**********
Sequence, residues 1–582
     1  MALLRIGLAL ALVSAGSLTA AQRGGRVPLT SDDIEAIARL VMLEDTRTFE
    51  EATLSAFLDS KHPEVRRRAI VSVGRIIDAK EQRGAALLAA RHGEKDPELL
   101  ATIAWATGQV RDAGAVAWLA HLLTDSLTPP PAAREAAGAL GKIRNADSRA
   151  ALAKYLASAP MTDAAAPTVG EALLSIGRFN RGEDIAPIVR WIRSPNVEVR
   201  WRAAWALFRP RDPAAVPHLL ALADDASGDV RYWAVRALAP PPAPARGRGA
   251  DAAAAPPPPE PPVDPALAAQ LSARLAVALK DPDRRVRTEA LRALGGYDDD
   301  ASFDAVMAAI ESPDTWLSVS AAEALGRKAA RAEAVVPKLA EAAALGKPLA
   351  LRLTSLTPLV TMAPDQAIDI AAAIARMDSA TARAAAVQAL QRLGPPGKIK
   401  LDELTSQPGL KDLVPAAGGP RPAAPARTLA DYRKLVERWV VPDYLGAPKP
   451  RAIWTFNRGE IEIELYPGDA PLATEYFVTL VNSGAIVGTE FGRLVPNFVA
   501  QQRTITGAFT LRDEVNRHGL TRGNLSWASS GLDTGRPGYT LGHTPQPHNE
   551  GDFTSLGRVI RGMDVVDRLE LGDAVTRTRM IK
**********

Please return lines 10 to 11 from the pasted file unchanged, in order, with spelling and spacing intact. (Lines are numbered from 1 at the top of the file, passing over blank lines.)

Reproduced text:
   401  LDELTSQPGL KDLVPAAGGP RPAAPARTLA DYRKLVERWV VPDYLGAPKP
   451  RAIWTFNRGE IEIELYPGDA PLATEYFVTL VNSGAIVGTE FGRLVPNFVA